Brooklyn-based percussionist, theater designer, and artist Eric Farber built this month’s monster setup for the Off-Broadway Civil War and science fiction musical Futurity. He created the production with his indie-rock band the Lisps over the course of eight years while continuously adding to the rig he uses during the show. “The longer we worked on it,” Farber says, “the more things I collected, and the bigger it got!”
The drums include a 1968–69 Ludwig kit in sky blue pearl with a 22″ bass drum, a 13″ rack tom, and a 16″ floor tom, plus a mid-1950s Gretsch round-badge snare. A set of vintage 14″ Zildjian A hi-hats, a 21″ Istanbul Agop Mel Lewis ride (without rivets), a vintage 12″ Zildjian A splash, and an ’80s Latin Percussion mambo cowbell round out the standard acoustic percussion of the kit. “The other mounted objects around the drums are assorted industrial materials that are mounted to three Tama Roadpro boom stands and tons of other clamps and boom arms,” Farber explains. “Everything else beyond that includes nontraditional percussion contraptions that are operated by a total of twelve people, including myself.”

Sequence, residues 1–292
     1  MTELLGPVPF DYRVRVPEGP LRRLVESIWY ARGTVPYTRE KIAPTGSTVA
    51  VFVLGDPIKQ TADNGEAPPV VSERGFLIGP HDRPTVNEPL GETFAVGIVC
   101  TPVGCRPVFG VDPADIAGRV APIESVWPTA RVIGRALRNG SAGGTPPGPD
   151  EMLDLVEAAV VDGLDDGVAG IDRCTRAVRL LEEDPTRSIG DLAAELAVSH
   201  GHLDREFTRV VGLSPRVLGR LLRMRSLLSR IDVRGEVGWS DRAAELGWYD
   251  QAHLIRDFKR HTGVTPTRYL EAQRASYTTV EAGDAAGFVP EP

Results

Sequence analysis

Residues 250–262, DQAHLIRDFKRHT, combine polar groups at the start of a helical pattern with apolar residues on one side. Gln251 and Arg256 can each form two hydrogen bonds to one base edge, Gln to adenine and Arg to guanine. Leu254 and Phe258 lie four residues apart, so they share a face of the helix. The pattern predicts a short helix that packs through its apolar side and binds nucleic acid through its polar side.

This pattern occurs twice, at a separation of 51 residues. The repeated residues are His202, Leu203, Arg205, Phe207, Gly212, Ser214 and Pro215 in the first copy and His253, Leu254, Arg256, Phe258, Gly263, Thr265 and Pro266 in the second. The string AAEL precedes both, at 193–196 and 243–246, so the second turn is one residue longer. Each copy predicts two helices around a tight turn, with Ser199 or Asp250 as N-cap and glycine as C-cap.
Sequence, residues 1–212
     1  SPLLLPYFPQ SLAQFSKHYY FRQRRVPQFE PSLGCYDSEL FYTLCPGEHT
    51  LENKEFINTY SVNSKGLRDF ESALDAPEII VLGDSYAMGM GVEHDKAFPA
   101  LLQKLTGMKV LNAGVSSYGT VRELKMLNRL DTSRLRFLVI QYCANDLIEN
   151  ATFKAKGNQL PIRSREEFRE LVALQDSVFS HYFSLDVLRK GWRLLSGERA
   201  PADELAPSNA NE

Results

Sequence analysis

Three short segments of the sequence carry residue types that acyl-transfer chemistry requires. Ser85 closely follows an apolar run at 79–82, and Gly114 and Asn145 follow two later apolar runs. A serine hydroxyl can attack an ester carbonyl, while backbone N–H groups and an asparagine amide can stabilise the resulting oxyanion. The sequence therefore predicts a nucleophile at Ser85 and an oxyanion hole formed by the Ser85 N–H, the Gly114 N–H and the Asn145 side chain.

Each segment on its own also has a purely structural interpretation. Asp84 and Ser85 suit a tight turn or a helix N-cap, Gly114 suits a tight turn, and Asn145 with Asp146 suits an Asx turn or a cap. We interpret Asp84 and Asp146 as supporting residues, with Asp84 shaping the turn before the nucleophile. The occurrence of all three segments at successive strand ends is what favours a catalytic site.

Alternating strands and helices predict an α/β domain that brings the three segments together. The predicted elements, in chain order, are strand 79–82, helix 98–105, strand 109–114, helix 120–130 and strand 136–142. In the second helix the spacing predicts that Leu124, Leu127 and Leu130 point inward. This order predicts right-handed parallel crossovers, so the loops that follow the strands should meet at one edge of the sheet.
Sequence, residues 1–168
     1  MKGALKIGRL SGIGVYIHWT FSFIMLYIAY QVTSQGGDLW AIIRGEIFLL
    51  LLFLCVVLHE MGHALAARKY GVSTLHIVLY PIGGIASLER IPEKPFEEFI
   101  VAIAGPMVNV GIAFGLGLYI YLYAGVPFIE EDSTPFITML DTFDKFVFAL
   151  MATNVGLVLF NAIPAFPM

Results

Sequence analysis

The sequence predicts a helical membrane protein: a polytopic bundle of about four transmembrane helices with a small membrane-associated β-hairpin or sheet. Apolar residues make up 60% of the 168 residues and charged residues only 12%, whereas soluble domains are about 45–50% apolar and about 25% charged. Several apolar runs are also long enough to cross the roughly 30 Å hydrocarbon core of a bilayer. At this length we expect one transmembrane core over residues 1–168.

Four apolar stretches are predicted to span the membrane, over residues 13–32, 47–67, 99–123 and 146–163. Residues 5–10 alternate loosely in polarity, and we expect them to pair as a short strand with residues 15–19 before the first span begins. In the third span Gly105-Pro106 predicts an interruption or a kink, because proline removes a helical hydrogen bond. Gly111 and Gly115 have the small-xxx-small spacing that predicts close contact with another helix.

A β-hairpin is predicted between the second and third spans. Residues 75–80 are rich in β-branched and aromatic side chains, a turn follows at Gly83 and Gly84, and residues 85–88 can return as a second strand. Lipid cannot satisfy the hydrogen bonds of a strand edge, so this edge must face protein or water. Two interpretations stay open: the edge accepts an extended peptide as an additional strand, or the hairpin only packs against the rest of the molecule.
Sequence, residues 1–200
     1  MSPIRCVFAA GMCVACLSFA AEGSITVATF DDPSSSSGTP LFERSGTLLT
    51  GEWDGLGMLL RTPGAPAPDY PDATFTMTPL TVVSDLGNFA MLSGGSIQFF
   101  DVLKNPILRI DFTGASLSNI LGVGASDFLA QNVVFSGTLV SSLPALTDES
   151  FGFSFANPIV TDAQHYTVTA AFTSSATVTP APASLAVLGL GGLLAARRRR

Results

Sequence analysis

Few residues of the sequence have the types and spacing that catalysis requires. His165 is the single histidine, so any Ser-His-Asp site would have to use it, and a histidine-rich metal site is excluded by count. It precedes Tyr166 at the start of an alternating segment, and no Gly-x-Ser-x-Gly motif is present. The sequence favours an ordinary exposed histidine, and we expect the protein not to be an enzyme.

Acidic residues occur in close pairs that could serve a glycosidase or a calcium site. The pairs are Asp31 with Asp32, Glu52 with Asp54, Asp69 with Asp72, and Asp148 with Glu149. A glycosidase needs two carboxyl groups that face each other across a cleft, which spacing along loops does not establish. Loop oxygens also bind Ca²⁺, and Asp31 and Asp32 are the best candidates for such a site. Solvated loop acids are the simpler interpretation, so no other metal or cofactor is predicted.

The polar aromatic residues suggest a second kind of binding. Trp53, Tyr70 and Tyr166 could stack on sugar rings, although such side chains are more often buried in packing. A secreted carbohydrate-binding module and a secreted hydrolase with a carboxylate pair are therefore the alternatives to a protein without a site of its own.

Farber, along with the rest of the production’s cast, employs inventive techniques while performing. “I’m the only one using sticks to play—actually, a number-six knitting needle and a railroad-tie nail,” the drummer explains. “All of the other percussion and kinetic movement happens through individual cranks and other simple hand-powered mechanisms.”
The kit also includes an old tractor grill that gets scraped when a crank is turned, crop-thresher teeth jingled by a trombone horn, an industrial fan cover on top of a giant steel kettle that creates a deep reverb chamber, a spring-loaded potato ricer, an antique corn-shelling machine that spins a network of wheels and film reels, and an iron wagon wheel powered by a 1980s Schwinn exercise bike, which plays a programmed beat.
For more about the production, including videos of the kit in action, visit kineticontology.com.
Photo Submission: Hi-res digital photos, along with descriptive text, may be emailed to [email protected] Show “Kit of the Month” in the subject line.